It wasn't through facts alone--the overturned candlestick in the bedroom, the list of toiletries in the bathroom cabinet, etc.--that the murderer was discovered, it was also through a deep understanding of human psychology. In Christie's later books Poirot holds that certain types of crimes are committed by certain types--certain psychological types--of people. 

In contrast to other detectives (notably Monsieur Giraud of the Sûreté in Murder on the Links), Poirot arrives at the identity of the murderer by looking at two things: a) the nature of the victim and b) the psychology of the murderer. (Hercule Poirot, Wikipedia)


Poirot--and to a certain extent Miss Marple--wasn't beneath using deception if it would help him unravel the psychological puzzle before him. To this end, Poirot sometimes got people to talk to him by giving out false or misleading information about himself or his background. (Hercule Poirot, Wikipedia)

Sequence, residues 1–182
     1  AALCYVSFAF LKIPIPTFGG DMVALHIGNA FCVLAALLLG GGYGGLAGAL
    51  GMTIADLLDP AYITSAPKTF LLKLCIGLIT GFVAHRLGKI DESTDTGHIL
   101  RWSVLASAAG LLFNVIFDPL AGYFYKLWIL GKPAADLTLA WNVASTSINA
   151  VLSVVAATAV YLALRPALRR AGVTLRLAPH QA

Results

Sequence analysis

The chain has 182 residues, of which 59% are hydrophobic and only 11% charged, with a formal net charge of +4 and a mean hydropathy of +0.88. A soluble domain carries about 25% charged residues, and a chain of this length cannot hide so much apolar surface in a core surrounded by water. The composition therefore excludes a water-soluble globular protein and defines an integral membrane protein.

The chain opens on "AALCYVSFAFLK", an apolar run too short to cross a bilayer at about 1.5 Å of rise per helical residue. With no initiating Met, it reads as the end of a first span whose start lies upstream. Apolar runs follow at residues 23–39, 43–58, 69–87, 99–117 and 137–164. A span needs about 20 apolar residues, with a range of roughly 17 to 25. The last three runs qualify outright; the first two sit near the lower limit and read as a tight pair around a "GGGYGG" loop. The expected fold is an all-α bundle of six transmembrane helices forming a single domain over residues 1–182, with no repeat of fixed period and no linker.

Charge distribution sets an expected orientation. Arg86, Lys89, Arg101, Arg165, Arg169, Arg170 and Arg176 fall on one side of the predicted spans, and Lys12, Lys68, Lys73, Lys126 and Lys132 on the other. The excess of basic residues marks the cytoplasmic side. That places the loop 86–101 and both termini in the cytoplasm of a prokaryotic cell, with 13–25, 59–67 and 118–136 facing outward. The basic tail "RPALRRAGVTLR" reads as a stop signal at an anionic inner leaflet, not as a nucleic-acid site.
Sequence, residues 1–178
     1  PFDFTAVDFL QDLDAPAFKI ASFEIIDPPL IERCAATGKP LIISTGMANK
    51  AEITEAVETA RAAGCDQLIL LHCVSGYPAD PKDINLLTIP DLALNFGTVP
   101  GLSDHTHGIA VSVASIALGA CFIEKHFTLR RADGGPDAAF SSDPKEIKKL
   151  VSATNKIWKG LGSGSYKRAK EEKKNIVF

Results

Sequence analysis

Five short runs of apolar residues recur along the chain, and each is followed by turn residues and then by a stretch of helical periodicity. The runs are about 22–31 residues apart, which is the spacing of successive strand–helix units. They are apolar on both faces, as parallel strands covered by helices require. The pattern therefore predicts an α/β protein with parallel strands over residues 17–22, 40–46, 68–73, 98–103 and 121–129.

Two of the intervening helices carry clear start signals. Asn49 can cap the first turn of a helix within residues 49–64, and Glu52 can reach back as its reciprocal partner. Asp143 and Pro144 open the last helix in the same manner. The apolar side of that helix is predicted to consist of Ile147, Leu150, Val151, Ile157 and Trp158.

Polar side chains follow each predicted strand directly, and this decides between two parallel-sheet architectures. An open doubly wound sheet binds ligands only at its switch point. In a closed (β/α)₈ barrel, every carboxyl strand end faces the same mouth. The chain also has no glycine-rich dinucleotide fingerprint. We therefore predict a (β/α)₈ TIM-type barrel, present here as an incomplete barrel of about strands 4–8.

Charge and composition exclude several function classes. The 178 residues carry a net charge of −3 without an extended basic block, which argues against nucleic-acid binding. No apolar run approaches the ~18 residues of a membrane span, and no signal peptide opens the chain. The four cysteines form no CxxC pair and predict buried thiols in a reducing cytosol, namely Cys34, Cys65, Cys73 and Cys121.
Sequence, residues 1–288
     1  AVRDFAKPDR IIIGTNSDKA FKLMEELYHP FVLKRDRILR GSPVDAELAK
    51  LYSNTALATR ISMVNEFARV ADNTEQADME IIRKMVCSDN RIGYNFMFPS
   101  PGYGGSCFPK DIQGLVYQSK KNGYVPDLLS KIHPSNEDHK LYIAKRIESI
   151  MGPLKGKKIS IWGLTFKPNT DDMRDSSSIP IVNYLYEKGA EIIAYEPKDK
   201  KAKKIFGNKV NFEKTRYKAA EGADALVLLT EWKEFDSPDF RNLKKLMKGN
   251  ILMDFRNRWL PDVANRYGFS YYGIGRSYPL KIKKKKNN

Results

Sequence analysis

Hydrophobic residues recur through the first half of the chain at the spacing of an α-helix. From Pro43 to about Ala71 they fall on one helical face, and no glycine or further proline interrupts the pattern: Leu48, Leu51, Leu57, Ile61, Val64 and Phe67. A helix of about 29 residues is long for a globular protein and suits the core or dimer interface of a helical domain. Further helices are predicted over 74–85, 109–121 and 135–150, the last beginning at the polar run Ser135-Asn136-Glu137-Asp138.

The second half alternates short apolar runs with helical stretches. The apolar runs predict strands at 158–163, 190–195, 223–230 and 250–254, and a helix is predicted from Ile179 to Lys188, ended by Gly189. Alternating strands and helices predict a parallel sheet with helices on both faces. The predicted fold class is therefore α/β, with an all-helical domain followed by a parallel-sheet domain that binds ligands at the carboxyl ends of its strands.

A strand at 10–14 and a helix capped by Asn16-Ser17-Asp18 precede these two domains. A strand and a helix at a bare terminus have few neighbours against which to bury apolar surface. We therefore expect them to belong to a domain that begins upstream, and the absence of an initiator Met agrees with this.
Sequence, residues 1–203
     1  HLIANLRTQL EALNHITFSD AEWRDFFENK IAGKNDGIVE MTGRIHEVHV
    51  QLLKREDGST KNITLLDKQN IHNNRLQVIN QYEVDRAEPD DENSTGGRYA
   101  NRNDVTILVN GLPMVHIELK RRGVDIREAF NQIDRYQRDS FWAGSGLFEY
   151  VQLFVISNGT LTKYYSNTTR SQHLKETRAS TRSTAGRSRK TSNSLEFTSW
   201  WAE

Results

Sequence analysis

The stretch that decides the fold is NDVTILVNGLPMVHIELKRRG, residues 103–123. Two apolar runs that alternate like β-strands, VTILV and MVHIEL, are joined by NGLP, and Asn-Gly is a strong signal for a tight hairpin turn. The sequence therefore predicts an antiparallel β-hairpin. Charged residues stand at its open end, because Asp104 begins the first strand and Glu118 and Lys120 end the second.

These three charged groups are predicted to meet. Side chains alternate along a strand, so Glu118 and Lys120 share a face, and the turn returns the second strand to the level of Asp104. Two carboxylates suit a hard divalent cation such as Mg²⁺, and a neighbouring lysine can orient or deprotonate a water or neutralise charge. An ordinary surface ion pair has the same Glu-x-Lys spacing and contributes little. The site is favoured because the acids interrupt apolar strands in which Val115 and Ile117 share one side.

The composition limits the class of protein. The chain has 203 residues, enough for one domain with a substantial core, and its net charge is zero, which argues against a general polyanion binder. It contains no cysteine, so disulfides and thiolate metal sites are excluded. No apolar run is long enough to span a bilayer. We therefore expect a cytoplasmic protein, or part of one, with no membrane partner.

Also, HP would make himself seem more foreign or vein to make other characters underestimate, or even despise him. As their estimation of his ability lowered so did their guard and they often let slip something they never would have if they thought he was an upstanding, competent, member of English society.

Poirot would do things Hastings (the Watson) viewed as very un-English, like rummaging through a woman's belongings without her permission and reading her love letters to find a clue.

I thought I was going to be able to get through this material, but there's no way! I want to talk (briefly) about Agatha Christie doing the unexpected, even the forbidden, and what the result of that was. Finally, I want to share certain points about the structure of Christie's novels that were, if not unique, characteristic of many of her works. 


1. "The Writing Style of Agatha Christie," by
2. "Agatha Christie - Her Method of Writing," over at
3. "Agatha Christie,"
4. "Random House employees get $5,000 bonuses, thanks to ‘Fifty Shades of Grey’," by Caitlin Dewey over at The Washington Post.
5. "Fifty Shades of Grey,"
6. "Creator: Agatha Christie,"
7. "Mystery Tropes,"

Photo credit: "Dubler" by Thomas Leuthard under Creative Commons Attribution 2.0.